The Greenfield Board of Zoning Appeals met this week regarding a variance application for the school district’s new bus garage being planned where a practice field is currently located.
It’s a meeting that didn’t have to happen, according to Ohio law regarding political subdivisions, which includes public schools and municipal zoning. According to that law, the school district doesn’t have to go through the process of applying for a zoning variance, but it’s something that the Greenfield School District’s administration wanted to do to give everyone a chance to hear first-hand about the project and have any questions or concerns addressed.
According to information supplied to zoning board members Steve Pearce, Eric Borsini, Michelle Cunningham and Otis Wagner (Bruce Gabriel was not in attendance) by superintendent Quincey Gray, something called “Brownfield immunity” applies in this instance.
Three residents came forward with reasonable concerns, not about the project itself, but about the placement of the project at the practice field.
One of the concerns had to do with Greenfield’s updated zoning codes. The village earlier this year approved the updated codes. Part of the reason for overhauling the outdated codes was to protect neighborhoods, but the concern raised at the meeting was that if the school builds at the practice field, whether through a granted variance or the legal route of securing its rights under the law, then the updated zoning codes mean nothing.
The other concerns were raised by two residents that live near the practice field whose worries include the noise from the buses, the additional bus traffic, lights from the buses, and diminished property values. None were against the project itself as everyone stated such a facility is needed.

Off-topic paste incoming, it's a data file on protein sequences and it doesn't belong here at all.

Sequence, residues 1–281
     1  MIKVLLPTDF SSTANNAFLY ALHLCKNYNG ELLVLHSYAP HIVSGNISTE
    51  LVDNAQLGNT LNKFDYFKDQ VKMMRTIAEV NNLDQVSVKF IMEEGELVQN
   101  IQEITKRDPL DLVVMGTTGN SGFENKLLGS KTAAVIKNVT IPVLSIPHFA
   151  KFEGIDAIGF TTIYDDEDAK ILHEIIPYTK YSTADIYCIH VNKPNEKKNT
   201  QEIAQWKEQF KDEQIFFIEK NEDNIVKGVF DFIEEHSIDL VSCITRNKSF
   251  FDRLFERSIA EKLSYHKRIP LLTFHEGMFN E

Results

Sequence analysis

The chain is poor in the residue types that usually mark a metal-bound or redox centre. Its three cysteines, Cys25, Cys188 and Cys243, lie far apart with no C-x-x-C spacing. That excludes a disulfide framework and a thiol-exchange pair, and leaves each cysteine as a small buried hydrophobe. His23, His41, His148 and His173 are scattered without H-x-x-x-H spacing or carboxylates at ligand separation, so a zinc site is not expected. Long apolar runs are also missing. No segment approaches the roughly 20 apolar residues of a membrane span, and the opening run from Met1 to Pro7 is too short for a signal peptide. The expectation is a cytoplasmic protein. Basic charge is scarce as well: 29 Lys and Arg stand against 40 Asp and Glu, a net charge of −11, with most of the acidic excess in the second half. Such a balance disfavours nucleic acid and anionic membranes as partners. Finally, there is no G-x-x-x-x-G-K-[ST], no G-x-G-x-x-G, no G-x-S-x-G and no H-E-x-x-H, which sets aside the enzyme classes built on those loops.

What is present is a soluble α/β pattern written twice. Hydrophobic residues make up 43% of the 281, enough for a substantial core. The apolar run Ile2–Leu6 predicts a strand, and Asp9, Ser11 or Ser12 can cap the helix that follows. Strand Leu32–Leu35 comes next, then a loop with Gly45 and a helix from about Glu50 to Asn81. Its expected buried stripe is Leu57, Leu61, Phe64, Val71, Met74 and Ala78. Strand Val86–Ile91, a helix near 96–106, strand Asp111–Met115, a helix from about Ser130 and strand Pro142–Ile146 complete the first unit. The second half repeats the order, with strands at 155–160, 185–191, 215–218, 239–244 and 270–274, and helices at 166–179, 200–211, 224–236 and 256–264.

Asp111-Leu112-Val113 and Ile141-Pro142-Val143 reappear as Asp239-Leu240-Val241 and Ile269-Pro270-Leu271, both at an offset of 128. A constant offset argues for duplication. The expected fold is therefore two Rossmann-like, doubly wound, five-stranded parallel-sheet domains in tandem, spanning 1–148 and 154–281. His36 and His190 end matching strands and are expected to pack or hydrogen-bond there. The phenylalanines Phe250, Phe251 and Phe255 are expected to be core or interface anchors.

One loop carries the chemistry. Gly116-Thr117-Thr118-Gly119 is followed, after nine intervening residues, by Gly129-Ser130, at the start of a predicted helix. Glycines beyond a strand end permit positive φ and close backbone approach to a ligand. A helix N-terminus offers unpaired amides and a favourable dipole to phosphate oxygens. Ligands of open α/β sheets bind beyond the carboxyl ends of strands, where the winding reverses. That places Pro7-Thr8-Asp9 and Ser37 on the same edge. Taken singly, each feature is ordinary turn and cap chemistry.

For as long as most people can remember, the practice field, which sits a block from the school, has been used for football and band practices.
Architect Doug Karnes with McCarty Associates presented a slideshow to help inform everyone at the meeting. It began with the existing conditions at the practice field which includes very poor drainage, storage for football equipment is in three mobile containers off to the side, no sidewalks, no restrooms, and basketball courts in need of repair. The proposed development would alleviate all of that and without impeding residents’ vantage points of the happenings on the fields when there are practices.
The plans show that on the west end of the property on Eighth Street is where the bus garage will be built. It will house buses and includes three maintenance bays. The building would also include storage for athletics and district maintenance. Moving east on the property there would be a full-size football field with a 70-yard football field next to it. Parking would remain, and even be extended along most of the McClain Street side of the property. And two new, paved basketball courts would be placed on the northeast corner.
There are currently two basketball courts at the southwest corner of the property that see much community use. The school district said it was important to keep that aspect.
According to Karnes, much thought was given to the placement and appearance of everything on the property so that the views enjoyed from homes that allow residents to freely watch practices would not be hindered. The building’s placement along Eighth Street was chosen because there aren’t houses on that block of Eighth Street, just a factory parking lot. Eighth Street will also be where the buses exit. Landscaping “buffers” would be planted at the back of the building along North Street to help keep lights from being a nuisance to residents.